In lieu of an abstract, here is a brief excerpt of the content:

Reviewed by:
  • Rebellion and Savagery: The Jacobite Rising of 1745 and the British Empire
  • Arthur Sheps
Geoffrey Plank . Rebellion and Savagery: The Jacobite Rising of 1745 and the British Empire. University of Pennsylvania Press. 272. US $39.95

This interesting book, despite its title, is not about the Jacobites themselves. Rather, it examines public and government anxieties about, and responses to, Jacobitism in Britain, Ireland, and throughout the empire in America, the Caribbean, and the Mediterranean. The focus initially is on the suppression of the 1745 uprising, the punishment of the rebels, and the prevention of further irruptions of Jacobitism after the defeat of the Stuart cause at Culloden. It then turns to military encounters with the Spanish and French empires and the attempts at assimilation of alien populations into the cultural, political, and economic worlds of the Britain's empire. Many of the themes of interest to current historical scholarship are touched upon here: Atlantic (as opposed to exclusively American or Anglo-European) history, the metropolitan centre and its hinterlands, national 'British' identity, and how the dominant, establishment culture relates to the 'other,' in this case Roman Catholic or Episcopalian semi-feudal Highlanders, the Irish, the French in Quebec, Acadians in Nova Scotia, native Americans, and Mediterranean and North African Muslims, Jews, and Roman Catholics.

The author shows how the army came to be not only the instrument for military defeat of the Stuarts but also the engine for a policy of fully integrating the Scottish Highlands, the heartland of Jacobite support, into the modern world of commercial, Protestant Britain. The task for the army was not just to win a battle. In their own view and that of many, '[T]he army was engaged in a project of enormous magnitude – the transformation of a region and a people. It was a task, they assumed, that would take decades to achieve.'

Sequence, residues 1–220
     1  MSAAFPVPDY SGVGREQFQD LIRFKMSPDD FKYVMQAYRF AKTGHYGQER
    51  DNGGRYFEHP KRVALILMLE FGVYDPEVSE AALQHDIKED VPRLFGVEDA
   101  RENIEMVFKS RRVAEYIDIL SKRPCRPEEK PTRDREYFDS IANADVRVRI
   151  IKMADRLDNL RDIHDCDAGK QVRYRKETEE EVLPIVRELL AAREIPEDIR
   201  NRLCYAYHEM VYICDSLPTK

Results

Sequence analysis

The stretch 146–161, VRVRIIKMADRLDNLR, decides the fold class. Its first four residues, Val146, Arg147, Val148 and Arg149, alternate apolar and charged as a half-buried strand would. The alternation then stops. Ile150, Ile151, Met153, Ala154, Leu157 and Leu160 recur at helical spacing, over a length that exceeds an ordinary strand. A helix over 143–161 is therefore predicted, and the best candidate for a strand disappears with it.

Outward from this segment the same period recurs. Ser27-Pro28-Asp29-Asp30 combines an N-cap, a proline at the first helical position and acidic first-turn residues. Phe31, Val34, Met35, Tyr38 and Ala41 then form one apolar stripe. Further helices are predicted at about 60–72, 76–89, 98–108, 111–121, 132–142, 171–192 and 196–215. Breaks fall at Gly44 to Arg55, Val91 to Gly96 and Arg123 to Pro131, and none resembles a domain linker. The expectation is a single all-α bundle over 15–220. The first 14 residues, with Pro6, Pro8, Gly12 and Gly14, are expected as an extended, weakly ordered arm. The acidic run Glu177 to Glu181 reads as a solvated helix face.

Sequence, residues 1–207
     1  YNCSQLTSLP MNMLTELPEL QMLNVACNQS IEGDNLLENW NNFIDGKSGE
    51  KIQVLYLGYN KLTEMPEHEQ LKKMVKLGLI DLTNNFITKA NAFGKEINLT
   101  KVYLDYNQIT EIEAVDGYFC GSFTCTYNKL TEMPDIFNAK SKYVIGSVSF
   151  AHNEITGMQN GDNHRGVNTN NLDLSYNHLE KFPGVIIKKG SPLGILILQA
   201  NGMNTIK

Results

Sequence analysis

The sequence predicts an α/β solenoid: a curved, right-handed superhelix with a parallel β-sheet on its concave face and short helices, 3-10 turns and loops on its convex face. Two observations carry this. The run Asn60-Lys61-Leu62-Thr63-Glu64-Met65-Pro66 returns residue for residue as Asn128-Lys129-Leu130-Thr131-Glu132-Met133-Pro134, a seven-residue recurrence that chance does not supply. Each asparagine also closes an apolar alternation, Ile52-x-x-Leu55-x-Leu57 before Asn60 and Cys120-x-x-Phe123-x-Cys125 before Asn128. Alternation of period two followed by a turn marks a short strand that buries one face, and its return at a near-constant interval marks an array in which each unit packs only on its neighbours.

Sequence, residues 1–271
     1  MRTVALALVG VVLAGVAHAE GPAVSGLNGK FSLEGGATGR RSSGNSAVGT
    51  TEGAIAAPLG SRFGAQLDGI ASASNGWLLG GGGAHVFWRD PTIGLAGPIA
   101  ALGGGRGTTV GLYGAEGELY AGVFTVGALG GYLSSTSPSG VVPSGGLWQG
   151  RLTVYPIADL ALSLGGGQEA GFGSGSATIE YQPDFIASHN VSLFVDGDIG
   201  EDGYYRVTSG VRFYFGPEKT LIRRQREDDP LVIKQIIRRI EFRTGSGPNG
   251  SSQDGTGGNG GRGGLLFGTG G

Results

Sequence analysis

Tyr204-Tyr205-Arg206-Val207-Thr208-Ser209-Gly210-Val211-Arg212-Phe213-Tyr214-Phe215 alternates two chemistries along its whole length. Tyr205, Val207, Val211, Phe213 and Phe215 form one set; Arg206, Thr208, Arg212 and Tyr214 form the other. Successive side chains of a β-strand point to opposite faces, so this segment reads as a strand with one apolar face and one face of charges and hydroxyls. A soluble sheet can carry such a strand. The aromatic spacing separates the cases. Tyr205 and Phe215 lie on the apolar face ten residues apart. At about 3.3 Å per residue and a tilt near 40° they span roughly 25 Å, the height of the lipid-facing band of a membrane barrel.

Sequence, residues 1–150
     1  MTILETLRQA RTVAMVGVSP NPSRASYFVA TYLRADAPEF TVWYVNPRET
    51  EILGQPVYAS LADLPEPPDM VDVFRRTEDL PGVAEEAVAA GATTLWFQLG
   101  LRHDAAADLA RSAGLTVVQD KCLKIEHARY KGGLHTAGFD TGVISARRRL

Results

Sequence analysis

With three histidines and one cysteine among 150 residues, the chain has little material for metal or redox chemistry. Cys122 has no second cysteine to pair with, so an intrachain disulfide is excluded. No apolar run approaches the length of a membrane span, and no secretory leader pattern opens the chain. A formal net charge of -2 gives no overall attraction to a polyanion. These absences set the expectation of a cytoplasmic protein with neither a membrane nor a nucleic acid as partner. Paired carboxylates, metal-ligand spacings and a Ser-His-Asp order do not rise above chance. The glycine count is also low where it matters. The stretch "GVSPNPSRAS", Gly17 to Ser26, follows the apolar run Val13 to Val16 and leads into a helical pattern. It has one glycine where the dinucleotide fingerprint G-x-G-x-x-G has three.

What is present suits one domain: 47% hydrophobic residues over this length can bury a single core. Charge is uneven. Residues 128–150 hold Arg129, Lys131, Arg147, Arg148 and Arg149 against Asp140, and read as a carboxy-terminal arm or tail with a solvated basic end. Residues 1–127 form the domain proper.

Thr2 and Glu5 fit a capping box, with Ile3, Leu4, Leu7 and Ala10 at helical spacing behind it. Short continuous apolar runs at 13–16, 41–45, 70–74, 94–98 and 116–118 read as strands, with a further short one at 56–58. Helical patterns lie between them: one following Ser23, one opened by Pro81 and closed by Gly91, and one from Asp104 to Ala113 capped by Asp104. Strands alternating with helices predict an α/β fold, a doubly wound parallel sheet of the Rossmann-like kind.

Responsibility for executing this policy fell to the effective head of the army, the Duke of Cumberland, younger son of George II, who was captain-general throughout most of the period covered in this book, and the coterie of senior officers who served along with him in Scotland [End Page 250] and the overseas empire. The Scottish Highlands in the middle of the eighteenth century were still seen as 'a zone on the edges of civilization' and their experience in the Highlands during and after the '45 led Cumberland and his officers 'to believe that their expertise extended beyond the Highlands and that they were especially qualified to direct the administration of exotic lands.'

From Scotland Cumberland's generals took what they thought they had learned and tried to apply it to other marginal places in the British Empire such as Gibraltar, Minorca, Nova Scotia, Quebec, and the western outreaches of the other mainland colonies in America.

The first task was putting down disorder or rebellion. The unrestrained battlefield violence that characterized Cumberland's suppression of the Jacobite uprising was mirrored, to some degree, in the Mediterranean and more so in America, where James Wolfe was especially ferocious in dealing with natives and French Canadians. Vacillation, or ambiguity, about whether the enemy were a people outside the bounds of civilization or part of the British nation made little difference to the harsh way in which the army treated enemy combatants or prisoners. Either they were savages whose uncivilized behaviour meant that the normal rules of war did not apply, or they were rebels whose treason called for swift retaliation. Captives, therefore, were often treated as rebels guilty of a capital offence and not as normal prisoners of war.

After the defeat of the Jacobites the army remained in the Highlands to undertake a policy of reform or reconstruction. Conflicts arose about whether the army was an occupying or a liberating force. Cumberland, in his defence, claimed the military presence had improved communications and transport, made private property secure, and promoted commerce, the English language, true religion, and civility among the rude inhabitants. By the late 1750s one indication that the project seemed to be succeeding was that Highland soldiers were now employed to assist in the same tasks in America. There, as the author sees it, Cumberland's...


Additional Information

Print ISSN
pp. 250-251
Launched on MUSE
Open Access
Back To Top

This website uses cookies to ensure you get the best experience on our website. Without cookies your experience may not be seamless.